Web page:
It’s important that if you are excluding foods from your diet that you do so under the supervision of your GP, a dietician or a trained practitioner. There is a danger when eliminating food groups that vital elements of nutrition are lost. This is especially important in growing children. Another concern is that without expert advice, you may end up eliminating particular food groups unnecessarily.

So, whether you are convinced non-coeliac gluten sensitivity exists, or think that the 6% of the population who claim to suffer from it are purely hypochondriacs, then the Trust Me, I’m a Doctor study will probably give you something to discuss over the dinner table with your friends – whilst you argue over the gluten content of the bread.

Chris van Tulleken presents Trust Me, I’m A Doctor

Does food affect migraines?

Do certain foods ‘trigger’ migraines? Neurology expert Dr Peter Goadsby discusses which foods to avoid, and why chocolate and cheese might not be off the menu…

Does food affect migraines?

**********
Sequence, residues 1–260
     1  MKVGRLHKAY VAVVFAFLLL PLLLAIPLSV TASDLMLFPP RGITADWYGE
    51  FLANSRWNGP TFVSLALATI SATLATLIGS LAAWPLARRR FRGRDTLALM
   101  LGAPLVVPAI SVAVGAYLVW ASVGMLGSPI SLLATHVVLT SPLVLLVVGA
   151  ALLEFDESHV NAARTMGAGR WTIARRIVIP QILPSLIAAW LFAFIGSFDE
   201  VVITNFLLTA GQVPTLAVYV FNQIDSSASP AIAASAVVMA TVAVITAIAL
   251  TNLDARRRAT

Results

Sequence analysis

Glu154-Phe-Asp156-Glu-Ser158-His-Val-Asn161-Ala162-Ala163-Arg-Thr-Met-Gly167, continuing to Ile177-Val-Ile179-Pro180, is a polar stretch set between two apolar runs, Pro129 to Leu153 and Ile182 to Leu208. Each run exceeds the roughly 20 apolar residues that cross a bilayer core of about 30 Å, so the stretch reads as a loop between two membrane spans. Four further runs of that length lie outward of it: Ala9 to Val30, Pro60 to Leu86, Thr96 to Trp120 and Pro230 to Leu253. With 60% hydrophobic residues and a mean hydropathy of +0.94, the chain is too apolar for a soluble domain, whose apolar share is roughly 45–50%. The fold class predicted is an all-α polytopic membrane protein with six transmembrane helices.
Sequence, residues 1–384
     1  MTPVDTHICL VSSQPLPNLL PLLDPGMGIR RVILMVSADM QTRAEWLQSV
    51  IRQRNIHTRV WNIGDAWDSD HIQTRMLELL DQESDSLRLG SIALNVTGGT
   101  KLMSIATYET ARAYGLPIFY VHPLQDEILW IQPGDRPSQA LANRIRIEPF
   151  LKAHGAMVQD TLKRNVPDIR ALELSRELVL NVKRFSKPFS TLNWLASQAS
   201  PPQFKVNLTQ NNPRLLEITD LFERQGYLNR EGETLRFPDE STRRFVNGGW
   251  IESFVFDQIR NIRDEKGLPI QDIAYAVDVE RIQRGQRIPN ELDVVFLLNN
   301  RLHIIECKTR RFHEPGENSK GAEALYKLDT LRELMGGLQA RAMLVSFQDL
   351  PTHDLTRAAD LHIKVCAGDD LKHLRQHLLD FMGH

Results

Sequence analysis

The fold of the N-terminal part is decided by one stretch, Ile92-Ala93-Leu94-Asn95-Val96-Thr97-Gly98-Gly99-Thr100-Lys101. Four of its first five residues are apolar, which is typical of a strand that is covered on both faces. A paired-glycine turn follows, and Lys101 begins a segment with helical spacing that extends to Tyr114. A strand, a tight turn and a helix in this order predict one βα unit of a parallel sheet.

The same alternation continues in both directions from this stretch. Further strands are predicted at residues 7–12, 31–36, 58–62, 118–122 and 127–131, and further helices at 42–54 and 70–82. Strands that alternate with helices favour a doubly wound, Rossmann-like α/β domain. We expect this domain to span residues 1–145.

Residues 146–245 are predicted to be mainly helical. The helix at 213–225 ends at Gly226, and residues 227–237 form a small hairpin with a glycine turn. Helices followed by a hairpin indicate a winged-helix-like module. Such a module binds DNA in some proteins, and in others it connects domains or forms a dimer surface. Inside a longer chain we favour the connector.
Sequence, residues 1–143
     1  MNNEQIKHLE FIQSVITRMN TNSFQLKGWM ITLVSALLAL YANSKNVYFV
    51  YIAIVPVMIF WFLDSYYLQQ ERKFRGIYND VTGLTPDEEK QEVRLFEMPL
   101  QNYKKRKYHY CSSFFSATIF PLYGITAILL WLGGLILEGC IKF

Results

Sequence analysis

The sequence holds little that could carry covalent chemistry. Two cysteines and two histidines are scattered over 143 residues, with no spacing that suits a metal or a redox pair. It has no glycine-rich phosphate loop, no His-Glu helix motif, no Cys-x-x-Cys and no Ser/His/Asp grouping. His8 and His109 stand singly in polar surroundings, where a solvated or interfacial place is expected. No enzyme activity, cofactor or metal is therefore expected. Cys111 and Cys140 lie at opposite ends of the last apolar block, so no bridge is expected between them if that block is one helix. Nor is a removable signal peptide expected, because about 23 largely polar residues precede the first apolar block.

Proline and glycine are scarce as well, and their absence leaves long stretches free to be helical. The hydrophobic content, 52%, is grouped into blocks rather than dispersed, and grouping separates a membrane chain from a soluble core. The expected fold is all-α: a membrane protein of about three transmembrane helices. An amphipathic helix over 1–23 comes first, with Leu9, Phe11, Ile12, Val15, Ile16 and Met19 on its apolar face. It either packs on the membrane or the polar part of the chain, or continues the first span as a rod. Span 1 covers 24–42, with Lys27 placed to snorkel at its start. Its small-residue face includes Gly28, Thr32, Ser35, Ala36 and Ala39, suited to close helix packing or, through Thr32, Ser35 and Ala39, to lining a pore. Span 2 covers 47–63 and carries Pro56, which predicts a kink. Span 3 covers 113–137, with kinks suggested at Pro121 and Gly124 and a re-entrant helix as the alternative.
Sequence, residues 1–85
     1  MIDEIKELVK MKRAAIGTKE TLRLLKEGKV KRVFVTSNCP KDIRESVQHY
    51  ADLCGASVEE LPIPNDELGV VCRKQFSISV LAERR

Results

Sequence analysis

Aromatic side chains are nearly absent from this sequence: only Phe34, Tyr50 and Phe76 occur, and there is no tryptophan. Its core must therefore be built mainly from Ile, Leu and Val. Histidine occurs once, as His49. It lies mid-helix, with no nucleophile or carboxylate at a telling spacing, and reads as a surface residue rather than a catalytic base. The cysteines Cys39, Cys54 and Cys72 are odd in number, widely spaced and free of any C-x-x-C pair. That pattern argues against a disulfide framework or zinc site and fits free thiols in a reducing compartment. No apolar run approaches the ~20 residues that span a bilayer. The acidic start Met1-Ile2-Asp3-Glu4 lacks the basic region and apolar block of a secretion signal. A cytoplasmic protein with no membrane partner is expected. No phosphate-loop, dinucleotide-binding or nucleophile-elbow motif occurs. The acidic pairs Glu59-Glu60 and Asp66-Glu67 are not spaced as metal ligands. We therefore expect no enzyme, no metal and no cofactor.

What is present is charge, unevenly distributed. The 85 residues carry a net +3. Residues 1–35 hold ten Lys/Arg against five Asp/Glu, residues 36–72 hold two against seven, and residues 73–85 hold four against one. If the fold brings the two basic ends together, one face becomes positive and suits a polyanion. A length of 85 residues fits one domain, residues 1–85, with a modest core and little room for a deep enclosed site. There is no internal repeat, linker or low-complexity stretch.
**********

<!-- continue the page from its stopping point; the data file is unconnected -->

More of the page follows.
The NHS describes a migraine as ‘a moderate or severe headache felt as a throbbing pain on one side of the head’. Symptoms vary but can include nausea, vomiting and increased sensitivity to light or sound, as well as ‘aura’, such as visual disturbances, dizziness or numbness. Migraine usually starts in early adulthood, affecting around one in five women and one in 15 men. In the past, certain foods such as cheese and chocolate have commonly been cited as migraine triggers – but is this really true? We asked Dr Peter Goadsby, Director of the NIHR-Wellcome Trust Clinical Research Facility at King’s College London, to tell us more. Here are seven things you need to know about food and migraines…

1. Specific foods don’t trigger migraines – with two exceptions…

In general, specific foods themselves aren’t considered migraine triggers, with the exception of two broad categories – alcohol, which is a well recognised trigger of migraine, and foods which contain nitrates. Nitrates are used in medicine to treat heart problems such as coronary heart disease, but are found in some foods as well. Cured meats and American hot dogs both contain nitrates and they’re fairly reliable triggers of migraine that have been well explored in research. After that, it’s quite difficult to label anything that we can give blanket advice about.
2. It’s important to distinguish between symptom and cause…